Scepticism remains about the effectiveness of the new firearms registry in terms of reining in gun use and possession by criminals but Federated Farmers is satisfied concerns raised about practicality and confidentiality have been taken seriously.
“On balance, Feds does support the registry,” national board member and rural security spokesperson Richard McIntyre says.
“There will always be those who choose to operate outside the law and it’s likely that only legally held arms will be entered in the registry. But perhaps it will stop or slow the rate of new illegal firearms getting into the hands of criminals and create some accountability for those who are supplying them.”
For example, if someone was to buy a couple of pump-action shotguns and a rifle from a retailer or another firearms licence holder, the transfer of possession would be registered. Prior to the registry there might be no record of what subsequently happens to those arms; they could be passed off to the criminal community. But now, when the owner goes to renew a firearms licence, or there is a gunsafe check by police or Firearms Safety Authority staff, s/he would be accountable for what happened to those firearms.
As of June 24 this year, all firearms licence holders are required to register arms in their possession, including pistols, restricted weapons, specially dangerous airguns (PCPs) major parts and pistol carbine conversion kits. There’s no cost to do so. Antique firearms and airguns do not need to be registered, and neither does ammunition (nor do you need to record sales or purchases of ammunition to or from other firearms licence holders).
There’s good information on the new registry and its requirements at www.firearmssafetyauthority.govt.nz Federated Farmers also organised a webinar recently to members’ questions to managers at Te Tari Pūreke/The Firearms Safety Authority.
Feds’ concerns about the registry fell into two broad categories – security and practicality.
“We wanted confidence that the information collected about who owns what guns, and where they are kept, is kept very secure. If that information were to fall into the wrong hands, you’d essentially have a shopping list for criminals as to what firearms are held, and where,” McIntyre said.
“We’ve also had enough of red tape on a whole lot of fronts. So we didn’t want farmers who use firearms as tools day to day being tied up in cumbersome and impractical restrictions.”
With the registry guidelines now published, and with the answers during the webinar from Te Tari Pūreke Director of Partnerships Mike McIlraith, Partnerships Manager Ewan Kelsall and Senior Partnership Advisor Kendra Hill, it’s clear Feds’ concerns have been heard, McIntyre said.
McIlraith said police had held licence holder and firearms information for many decades already “and it has remained secure”.
It’s significantly more complex to keep paper forms and documents private and secure, so Te Tari Pūreke decided those with firearms will not be able to register using a paper form.
Personal information provided for the registry will be held and managed in accordance with the Privacy Act. As well, the Arms Information System, which supports MyFirearms and the Firearms Registry, has been classified restricted. Staff are vetted and there are limits on what data can be accessed by staff in different roles. They can only access it on a Police device while on the Police network. Records are kept on what systems are accessed and by whom, and these are reviewed for suspicious or unusual activity – with randomised checks.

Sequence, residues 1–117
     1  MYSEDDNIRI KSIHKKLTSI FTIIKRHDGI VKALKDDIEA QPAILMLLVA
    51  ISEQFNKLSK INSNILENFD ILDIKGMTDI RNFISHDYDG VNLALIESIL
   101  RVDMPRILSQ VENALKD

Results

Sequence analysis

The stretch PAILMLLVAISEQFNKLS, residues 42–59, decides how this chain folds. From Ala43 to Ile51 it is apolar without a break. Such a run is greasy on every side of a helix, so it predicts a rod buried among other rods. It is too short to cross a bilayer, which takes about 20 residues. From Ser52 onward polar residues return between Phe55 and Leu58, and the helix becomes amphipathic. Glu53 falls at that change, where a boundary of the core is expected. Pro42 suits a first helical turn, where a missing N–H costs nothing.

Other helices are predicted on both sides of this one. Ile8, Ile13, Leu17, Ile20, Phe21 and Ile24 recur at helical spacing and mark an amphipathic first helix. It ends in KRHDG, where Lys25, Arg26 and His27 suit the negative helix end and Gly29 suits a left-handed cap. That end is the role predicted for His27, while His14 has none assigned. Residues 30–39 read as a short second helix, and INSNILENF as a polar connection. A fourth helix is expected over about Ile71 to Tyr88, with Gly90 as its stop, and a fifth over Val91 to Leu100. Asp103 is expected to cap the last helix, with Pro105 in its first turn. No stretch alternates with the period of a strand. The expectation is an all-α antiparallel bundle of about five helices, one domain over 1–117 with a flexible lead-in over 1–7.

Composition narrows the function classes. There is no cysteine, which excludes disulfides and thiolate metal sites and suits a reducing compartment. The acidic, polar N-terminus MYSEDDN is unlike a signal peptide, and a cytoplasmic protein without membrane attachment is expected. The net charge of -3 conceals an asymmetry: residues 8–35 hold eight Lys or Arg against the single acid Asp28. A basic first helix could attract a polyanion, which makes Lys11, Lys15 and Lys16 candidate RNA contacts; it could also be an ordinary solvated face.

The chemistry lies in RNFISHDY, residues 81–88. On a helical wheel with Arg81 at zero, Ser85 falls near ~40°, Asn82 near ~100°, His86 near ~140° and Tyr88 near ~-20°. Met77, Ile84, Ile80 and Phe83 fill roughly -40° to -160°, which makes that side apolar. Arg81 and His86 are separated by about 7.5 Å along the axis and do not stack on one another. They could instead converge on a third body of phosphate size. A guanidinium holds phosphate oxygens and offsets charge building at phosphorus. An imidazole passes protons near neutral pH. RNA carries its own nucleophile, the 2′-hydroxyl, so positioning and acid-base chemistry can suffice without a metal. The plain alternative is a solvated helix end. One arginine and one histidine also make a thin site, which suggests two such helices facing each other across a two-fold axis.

Te Tari Pūreke states the registry has robust authentication, including two-factor verification.
McIlraith said on the Feds webinar that frontline police may choose to access the register when responding to a call-out – for example, a family harm incident – because knowledge of what firearms are registered to the person/address can inform the best tactical response. But for police or Te Tari Pūreke staff acting for regulatory purposes – for example a routine check of a gunsafe for the number/type of firearms registered – they must give seven days’ notice and attend at a reasonable/agreed time.
Federated Farmers argued strongly for the ability to temporarily transfer firearms between licensed parties without the need for a transfer of possession in the register.
“A farm will often have centrally held firearms that are used by staff who have a firearms licence, often across multiple properties,” Richard McIntyre said.
The advice from Te Tari Pūreke is that arms in centralised secure storage and used by a range of people can all be registered by a single licence holder. Anyone with a firearms licence and relevant endorsement (if applicable), or appropriately supervised persons, can access the firearms.
If another licence holder has possession of the arms item (meaning they have effective control of it) for more than 30 days, those items will need to be transferred to them in the Registry. (They can be transferred in the registry for a shorter period; they must be transferred if possession goes past the 30 day mark.)
McIlraith gave this example on the webinar: “So I have a firearms licence and I go to your place, Richard, and say ‘hey, can I borrow your .308 to go deer hunting out the back for a few days, like we talked about’ – no problem [or need for a transfer of possession in the registery].
“If there was a regulatory check in that period, and only two of the three guns registered to you are in the safe, you’d explain the circumstances and who has the other gun. Everything’s ka pai. Police would take a pragmatic view around that.”
If a firearm is taken to the gunsmith for repairs and it’s for less than 30 days, there’s no need for a transfer in the registry. (McIlraith explained there is something of a ‘hybrid’ period for the next two years in terms of gunsmith obligations – www.firearmssafetyauthority.govt.nz has more details).